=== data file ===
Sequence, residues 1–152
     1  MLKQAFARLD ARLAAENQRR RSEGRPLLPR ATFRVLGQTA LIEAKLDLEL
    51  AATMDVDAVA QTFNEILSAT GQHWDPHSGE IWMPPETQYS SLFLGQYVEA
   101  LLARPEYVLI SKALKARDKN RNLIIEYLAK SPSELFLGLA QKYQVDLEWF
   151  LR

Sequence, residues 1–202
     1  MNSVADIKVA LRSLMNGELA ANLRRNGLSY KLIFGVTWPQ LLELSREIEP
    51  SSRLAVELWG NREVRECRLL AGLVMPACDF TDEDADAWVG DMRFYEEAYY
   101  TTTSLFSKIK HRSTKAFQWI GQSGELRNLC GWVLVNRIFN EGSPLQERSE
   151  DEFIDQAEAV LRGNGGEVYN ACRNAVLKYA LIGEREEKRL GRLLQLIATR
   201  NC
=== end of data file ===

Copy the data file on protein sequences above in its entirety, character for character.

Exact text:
Sequence, residues 1–152
     1  MLKQAFARLD ARLAAENQRR RSEGRPLLPR ATFRVLGQTA LIEAKLDLEL
    51  AATMDVDAVA QTFNEILSAT GQHWDPHSGE IWMPPETQYS SLFLGQYVEA
   101  LLARPEYVLI SKALKARDKN RNLIIEYLAK SPSELFLGLA QKYQVDLEWF
   151  LR

Sequence, residues 1–202
     1  MNSVADIKVA LRSLMNGELA ANLRRNGLSY KLIFGVTWPQ LLELSREIEP
    51  SSRLAVELWG NREVRECRLL AGLVMPACDF TDEDADAWVG DMRFYEEAYY
   101  TTTSLFSKIK HRSTKAFQWI GQSGELRNLC GWVLVNRIFN EGSPLQERSE
   151  DEFIDQAEAV LRGNGGEVYN ACRNAVLKYA LIGEREEKRL GRLLQLIATR
   201  NC